Long before people land in treatment for mental illness,
there are signs and symptoms that have often gone
ignored. Nearly half
of the U.S. population experiences a mental disorder
in their lifetime, yet mental illness continues to be a
disease habitually surrounded by silence. In rural areas
where professional resources are limited, community-based
resources such as Mental Health First Aid (MHFA), mental
health hotlines and free screenings are being used to
identify and support individuals in distress.
Identification and intervention are critical early tools
that lead to successful mental health treatment and
recovery. Many people are reluctant to approach a
distressed individual with mental health needs, yet those
same people will quickly extend a helping hand to someone
who is physically injured. MHFA is changing those
dynamics by equipping laypeople with the knowledge they
need to help individuals with mental health issues.
"MHFA is similar to traditional first aid in
that it teaches people how to recognize and respond to
someone experiencing a crisis," said Atlas
Research Vice President Wendy Opsahl, PhD, who recently
led a national MHFA rural community outreach project.
"Many of us are afraid to approach people we
think may have a mental health issue because we don't
know what to say or do. MHFA empowers people like you and
me with the knowledge and resources we need to know how
Many rural clinics and hospitals now include mental
health and addiction evaluations as part of routine
physical examinations. Mental health experts say MHFA
complements such existing services.
"MHFA is a perfect fit for rural communities
because these areas don't have the concentration and
variety of professional services that urban areas
do," said MHFA National Trainer Rita McElhany.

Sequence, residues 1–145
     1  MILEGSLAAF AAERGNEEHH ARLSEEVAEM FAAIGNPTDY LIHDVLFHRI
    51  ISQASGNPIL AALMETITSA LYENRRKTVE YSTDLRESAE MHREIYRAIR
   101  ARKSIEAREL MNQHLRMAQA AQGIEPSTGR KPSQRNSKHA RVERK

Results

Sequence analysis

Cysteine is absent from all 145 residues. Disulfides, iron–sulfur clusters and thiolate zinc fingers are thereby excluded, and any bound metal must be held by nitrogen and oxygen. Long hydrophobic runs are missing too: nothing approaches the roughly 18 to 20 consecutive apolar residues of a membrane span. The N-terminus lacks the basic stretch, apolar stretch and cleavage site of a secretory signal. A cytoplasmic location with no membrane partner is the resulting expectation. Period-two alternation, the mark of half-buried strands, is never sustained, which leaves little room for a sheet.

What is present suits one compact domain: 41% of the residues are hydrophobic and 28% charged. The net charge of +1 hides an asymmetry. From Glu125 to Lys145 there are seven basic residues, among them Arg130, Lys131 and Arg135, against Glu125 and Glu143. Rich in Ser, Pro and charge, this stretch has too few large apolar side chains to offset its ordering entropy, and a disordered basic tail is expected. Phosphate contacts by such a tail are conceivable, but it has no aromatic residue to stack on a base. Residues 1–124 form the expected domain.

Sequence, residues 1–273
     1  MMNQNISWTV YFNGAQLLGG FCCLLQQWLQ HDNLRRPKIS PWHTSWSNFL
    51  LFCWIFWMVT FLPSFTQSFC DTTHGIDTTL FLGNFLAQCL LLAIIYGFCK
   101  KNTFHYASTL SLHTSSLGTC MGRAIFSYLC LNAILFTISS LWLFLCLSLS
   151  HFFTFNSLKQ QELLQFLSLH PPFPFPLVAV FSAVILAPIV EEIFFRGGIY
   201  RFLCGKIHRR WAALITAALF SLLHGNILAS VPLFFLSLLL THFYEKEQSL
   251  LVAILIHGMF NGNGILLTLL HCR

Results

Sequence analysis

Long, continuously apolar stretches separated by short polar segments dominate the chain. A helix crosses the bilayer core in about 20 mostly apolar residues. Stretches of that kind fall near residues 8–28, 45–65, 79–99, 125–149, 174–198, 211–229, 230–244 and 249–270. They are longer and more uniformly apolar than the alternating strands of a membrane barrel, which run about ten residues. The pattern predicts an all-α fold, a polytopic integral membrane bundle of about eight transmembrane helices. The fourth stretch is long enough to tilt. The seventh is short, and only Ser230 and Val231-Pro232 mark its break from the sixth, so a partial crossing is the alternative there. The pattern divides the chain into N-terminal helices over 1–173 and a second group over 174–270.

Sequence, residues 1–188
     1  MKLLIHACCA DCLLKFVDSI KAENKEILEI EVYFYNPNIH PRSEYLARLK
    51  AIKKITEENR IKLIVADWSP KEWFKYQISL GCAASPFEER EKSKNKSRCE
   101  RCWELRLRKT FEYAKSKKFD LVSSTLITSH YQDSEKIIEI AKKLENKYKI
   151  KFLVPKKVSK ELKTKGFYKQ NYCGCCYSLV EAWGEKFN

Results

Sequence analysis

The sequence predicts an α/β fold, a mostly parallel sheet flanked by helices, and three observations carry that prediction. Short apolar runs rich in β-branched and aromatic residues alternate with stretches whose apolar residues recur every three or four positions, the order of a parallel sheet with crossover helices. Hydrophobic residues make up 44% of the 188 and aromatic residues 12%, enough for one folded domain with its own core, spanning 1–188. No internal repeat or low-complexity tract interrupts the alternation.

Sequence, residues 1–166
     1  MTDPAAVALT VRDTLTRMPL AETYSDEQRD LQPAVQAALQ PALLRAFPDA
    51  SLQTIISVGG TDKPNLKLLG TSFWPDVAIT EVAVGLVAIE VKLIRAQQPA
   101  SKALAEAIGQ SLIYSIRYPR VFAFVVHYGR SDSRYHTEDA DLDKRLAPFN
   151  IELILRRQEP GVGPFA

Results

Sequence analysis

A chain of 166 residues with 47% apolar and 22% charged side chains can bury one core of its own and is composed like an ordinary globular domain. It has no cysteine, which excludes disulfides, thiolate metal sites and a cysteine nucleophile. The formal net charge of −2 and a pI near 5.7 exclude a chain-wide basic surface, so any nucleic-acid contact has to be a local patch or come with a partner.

"So it's even more important that rural
residents understand and are competent to respond to
mental health issues."
Mental Health First Aid Gaining Ground
As of December 2013, more than 140,000 Americans have
been certified as Mental Health First Aiders, according
National Council for Behavioral Health. McElhany said
participants that take the eight-hour MHFA class learn
concrete tools they can use to help distressed
individuals get appropriate treatment and support.
"I can't tell you how many times I've talked to
someone who tells me within a short time of taking the
class how they were able to use what they
learned," she asserted. "This
training is so incredibly powerful!"
Every state has implemented MHFA to some degree,
according to Opsahl. Missouri and New Mexico are among
states with the most active MHFA programs and numbers of
trainers. Dr. Helene Silverblatt, a University of New Mexico
psychiatrist, professor and leader in NM MHFA, calls MHFA
a "life-saving intervention."
"Its value is that it isn't limited to the
mental health care system, but reaches out to everyone in
a community," she stressed. "Ideally,
people who take the first aid course might be your
hairdresser, a religious leader, a sister or
brother…someone the person in crisis may already know and
trust. MHFA is an affordable, highly effective way to
About 4,000 New Mexico residents have taken the First Aid
course to date. The roster of 83 certified instructors
includes every AHEC director and health extension officer
in the state as well as representatives from health and
social services, the faith community, law enforcement,
schools, city agencies, tribal communities, correction
agencies, and volunteer EMS-fire departments. Silverblatt
said another 30 instructors will complete training this
"We've worked to see that instructors are
placed strategically throughout the state and represent
our diversity both geographically and
culturally," she added. "We have
instructors in all the rural regions and are working
toward having two in every region. We're also working on
developing more bilingual instructors."
In addition to grant funding for MHFA implementation and
outreach, New Mexico has been approved for two research
grants to study MFHA impact and outcomes, particularly
among rural, tribal and underserved communities. New
Mexico ranks fifth in the
nation for suicide, with those statistics even higher
for rural New Mexicans. The state is classified as a